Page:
His paraprofessional picked him up.  He struggled to get out of her arms, which is unusual because when we drop him off at his usual location, he jumps into her arms.  But, now we were in a different environment and he wanted to explore.  So much for the importance of his usual routine.

I explained to her as politely as I could how even this very slight change threw him off, how he took off his shoes in the car and tried to run across the parking lot.  I then asked her just precisely when the bell actually does ring.  She said it rings at 8:45 a.m.  I informed her that I was there before then.  So, what time do I REALLY need to be there to avoid the craziness that this has caused?  She said 8:40 would be a better time.

**Insert mental scream**  Then why didn’t you say 8:40 a.m. last week!  We are literally talking about a two or three minute period!!

I did not say this, of course.  I took a deep breath, said goodbye to my son and walked out to my car.  If you want to get a point across to me, then treat me like an adult, but don’t try to manipulate me in such a way where it affects my son more than it affects me.  I went to my first class of the day and was barely able to concentrate because I was mentally writing this post and also mapping out how we were going to deal with this and also whether or not I might be wrong about something.

Husband and I have talked about the issue and we have decided that he will text message one of the counselors that we trust and stay in contact with during the day and let her know about our concerns for Joel and this somewhat arbitrarily strict adherence to the tardiness policy.  I understand the importance of being on time, but I highly doubt this particular person truly understands the dynamics involved in getting a child like Joel ready for school in the morning.  Yes, he loves school, but that doesn’t mean he isn’t going to one morning not allow me to put a shirt on him or comb his hair or brush his teeth.  Not to mention, the extremely aggravating fight we have been having with him lately about getting into his car seat, which Tardy policy or not, I am not going to put him in the car and drive with him unbuckled.  Forcing him or rushing him to comply only exacerbates the problem.

Like I said, I would highly appreciate and value any words of wisdom or advice.  And, of course, I will keep you all posted as to how this all pans out.

Snip Snip

Well, summer break is quickly approaching it’s end (OMG!) and we are beginning back-to-school preparations.  One of the things on the to-do list is hair cuts for all three of the kids, especially for the boys.  Let’s just say, if this doesn’t happen soon, we are going to have a bunch of Sasquatch hunters camped out in our front yard with telephoto lenses just waiting for one of them to come out the front door for a photo op.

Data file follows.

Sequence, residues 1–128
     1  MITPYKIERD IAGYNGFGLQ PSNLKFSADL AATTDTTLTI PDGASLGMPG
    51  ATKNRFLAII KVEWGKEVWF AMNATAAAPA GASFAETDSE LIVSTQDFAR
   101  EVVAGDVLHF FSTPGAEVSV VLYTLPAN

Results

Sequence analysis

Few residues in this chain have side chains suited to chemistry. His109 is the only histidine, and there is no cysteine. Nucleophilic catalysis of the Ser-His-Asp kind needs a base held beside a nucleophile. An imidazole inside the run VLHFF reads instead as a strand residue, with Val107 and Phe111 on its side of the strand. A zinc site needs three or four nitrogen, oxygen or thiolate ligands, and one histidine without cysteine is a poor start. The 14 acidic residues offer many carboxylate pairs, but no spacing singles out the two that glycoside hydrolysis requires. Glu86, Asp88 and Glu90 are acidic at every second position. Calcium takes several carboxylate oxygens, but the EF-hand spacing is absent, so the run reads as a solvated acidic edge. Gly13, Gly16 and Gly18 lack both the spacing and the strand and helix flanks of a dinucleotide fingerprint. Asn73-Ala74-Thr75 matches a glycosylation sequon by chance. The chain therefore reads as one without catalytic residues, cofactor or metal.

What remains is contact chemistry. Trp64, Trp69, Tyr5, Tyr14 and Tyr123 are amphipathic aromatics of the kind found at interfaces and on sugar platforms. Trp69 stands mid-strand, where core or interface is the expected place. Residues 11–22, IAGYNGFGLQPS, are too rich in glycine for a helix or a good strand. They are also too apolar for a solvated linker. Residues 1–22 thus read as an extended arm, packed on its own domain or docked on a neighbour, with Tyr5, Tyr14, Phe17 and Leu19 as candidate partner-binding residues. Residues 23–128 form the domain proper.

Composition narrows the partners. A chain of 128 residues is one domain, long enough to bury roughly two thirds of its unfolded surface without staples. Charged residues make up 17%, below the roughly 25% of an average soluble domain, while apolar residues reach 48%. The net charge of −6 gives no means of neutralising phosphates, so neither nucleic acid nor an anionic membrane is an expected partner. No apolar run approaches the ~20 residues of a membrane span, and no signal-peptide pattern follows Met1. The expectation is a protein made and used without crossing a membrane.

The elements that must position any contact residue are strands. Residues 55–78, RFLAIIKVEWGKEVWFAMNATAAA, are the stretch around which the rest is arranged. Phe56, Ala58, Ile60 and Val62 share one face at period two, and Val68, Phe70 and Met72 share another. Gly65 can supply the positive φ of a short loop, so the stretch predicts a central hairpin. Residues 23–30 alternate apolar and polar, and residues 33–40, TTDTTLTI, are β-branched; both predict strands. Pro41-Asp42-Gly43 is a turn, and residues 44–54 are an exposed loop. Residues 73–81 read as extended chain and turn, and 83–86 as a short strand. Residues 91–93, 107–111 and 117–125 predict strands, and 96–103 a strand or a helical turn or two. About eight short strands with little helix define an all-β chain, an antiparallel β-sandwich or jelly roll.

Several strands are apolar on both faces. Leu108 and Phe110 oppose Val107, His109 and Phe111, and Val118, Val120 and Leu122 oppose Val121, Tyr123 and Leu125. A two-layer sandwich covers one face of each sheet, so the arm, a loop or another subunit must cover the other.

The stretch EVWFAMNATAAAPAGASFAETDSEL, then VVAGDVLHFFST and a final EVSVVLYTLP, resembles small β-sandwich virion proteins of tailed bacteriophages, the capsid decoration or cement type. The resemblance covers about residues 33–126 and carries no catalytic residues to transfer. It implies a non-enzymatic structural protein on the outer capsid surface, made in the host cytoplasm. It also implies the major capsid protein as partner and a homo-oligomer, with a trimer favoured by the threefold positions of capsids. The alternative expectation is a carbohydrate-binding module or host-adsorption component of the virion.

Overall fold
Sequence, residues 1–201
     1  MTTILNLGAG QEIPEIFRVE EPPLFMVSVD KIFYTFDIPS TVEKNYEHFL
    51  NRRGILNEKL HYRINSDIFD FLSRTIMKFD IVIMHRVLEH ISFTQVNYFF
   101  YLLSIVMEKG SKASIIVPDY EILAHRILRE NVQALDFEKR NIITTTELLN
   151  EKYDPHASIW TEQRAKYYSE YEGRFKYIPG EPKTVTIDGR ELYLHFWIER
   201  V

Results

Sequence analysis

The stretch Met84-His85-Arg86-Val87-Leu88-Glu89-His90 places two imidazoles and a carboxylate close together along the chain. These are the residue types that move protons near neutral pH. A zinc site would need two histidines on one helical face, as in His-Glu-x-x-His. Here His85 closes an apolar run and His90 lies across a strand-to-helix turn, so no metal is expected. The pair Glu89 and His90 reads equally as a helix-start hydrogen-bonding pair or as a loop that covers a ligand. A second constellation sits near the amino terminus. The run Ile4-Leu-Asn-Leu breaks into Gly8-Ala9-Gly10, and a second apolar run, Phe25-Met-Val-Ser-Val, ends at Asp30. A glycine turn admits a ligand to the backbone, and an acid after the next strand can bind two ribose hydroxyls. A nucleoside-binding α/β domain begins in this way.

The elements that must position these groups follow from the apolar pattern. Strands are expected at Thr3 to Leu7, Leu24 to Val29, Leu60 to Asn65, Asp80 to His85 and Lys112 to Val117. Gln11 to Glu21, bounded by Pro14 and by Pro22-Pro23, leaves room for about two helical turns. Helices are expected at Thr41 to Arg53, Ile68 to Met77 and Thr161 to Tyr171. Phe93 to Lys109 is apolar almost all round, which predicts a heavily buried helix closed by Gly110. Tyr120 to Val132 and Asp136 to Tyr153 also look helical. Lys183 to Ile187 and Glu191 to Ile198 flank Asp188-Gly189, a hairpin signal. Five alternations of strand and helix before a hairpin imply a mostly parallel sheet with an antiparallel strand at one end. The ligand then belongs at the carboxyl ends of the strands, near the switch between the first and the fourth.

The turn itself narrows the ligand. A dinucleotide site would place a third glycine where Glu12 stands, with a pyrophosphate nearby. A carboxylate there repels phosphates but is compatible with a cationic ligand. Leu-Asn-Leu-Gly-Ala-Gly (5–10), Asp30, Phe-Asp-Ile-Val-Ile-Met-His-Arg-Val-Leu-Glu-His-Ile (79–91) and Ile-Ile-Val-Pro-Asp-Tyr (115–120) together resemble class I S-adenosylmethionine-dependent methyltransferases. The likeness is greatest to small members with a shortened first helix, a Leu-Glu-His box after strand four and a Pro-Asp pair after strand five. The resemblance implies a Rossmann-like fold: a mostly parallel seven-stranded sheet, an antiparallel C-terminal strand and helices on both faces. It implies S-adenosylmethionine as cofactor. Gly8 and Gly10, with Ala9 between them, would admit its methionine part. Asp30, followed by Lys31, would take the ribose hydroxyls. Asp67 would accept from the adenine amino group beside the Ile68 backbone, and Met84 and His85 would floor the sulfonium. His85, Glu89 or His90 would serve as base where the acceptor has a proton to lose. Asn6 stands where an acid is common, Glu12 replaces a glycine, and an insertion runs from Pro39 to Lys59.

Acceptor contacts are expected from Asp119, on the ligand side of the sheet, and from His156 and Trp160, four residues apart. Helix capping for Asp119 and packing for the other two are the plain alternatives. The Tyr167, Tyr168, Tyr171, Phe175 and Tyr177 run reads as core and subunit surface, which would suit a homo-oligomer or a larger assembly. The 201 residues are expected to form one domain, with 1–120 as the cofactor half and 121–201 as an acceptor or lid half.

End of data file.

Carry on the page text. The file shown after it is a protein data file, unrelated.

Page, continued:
Hair cuts aren’t a problem for Will.  He absolutely loves to get his hair cut.  There is the (nonstop) chatting with the hair stylist, getting to decide on whether or not to go ultra-short or just trim the haystack to continue the Luke Skywalker look he’s been going for lately, the cool spinny chair, the smells and movement of the salon.  All of it.

Joel, on the other hand….  Yikes.

Our littlest guy has never once been to a salon for his own hair cut.  I don’t expect it to happen any time soon.  So, that means he is resigned to having a crazy scarecrow ‘do courtesy of his own mum and dad.  When I’m cutting his hair, I’m not really going for a specific look.  My only goals when cutting his hair are (1) cut his hair and (2) not cut him (or others) with the scissors.

We’ve tried having one of his hold him down while the other one quickly cuts whatever hair is sticking out, but this is dangerous because he will not sit still.  At all.  So, I’ve had to get creative in my approach.

What I do is get Joel interested in a movie or t.v. show and then stand behind him with a pair of scissors and slowly snip away at the hair on the back of his head while he is distracted.  This is extremely hit or miss because he isn’t stupid.  He can hear the scissors and feel me messing with him.   It looks something like this:

Most of the time, he catches onto what I’m up to and starts to run from me.  And, because I am that kind of person who doesn’t want to give up on something I’ve started, this happens:

Once I’ve eventually cut the hair in the back and as much on the sides as I can, I then have to resort to asking Husband to hold Joel down while I cut the rest of the hair on the sides and in the front.  If Joel is especially wiggly, we have to have Maya help hold his hands.  This doesn’t take anywhere near as long as the first part, but it is definitely stressful.  I “look forward” to going through this either this week or sometime next week, depending on how long I procrasinate.

So, fellow Autism parents out there, how do you handle hair cuts and other grooming needs with your little cuties on the Spectrum?  Or, do you have any stories about this you’d like to share?  Also, if anyone on the spectrum is reading this, what worked or does work for you?  I need all the help I can get and any input is appreciated.

 

Wordless Wednesday-ish: The Black Balloon

I was going to write this long review for this fantastic movie, but then I remembered I’m not a movie critic.  I think the trailer will speak for itself.

The Black Balloon.

Let me just say, this movie is the most accurate and heartfelt portrayal of Autism I have seen so far.  Or, maybe I should say this is what Autism looks like in my house.  (If you have Netflix, you can stream it from there.)

playing with knives

It is only just past 10:00 this morning and we have already narrowly avoided serious injury when Joel grabbed two sharp knives from the knife holding device that is normally locked away in a cabinet that was accidently left unlocked, RAN with them to his room and then “played keep away” with us as we risked limbs and eye balls trying to get them from him.  This is what happens when we relax for 20 minutes.  All we need now is a giant elephant and a clown car and we will be able to sell tickets to our own personal circus.  I can almost hear the calliope music and smell the intermingling odors of popcorn and large animal crap.

Is this going to be a fun day or what?

Edit: I thought I might add a little drawing to illustrate the scariness of the situation.  Of course, I’m not quite sure which is worse, Joel running with knives or me trying to illustrate the scene.  Judge for yourself: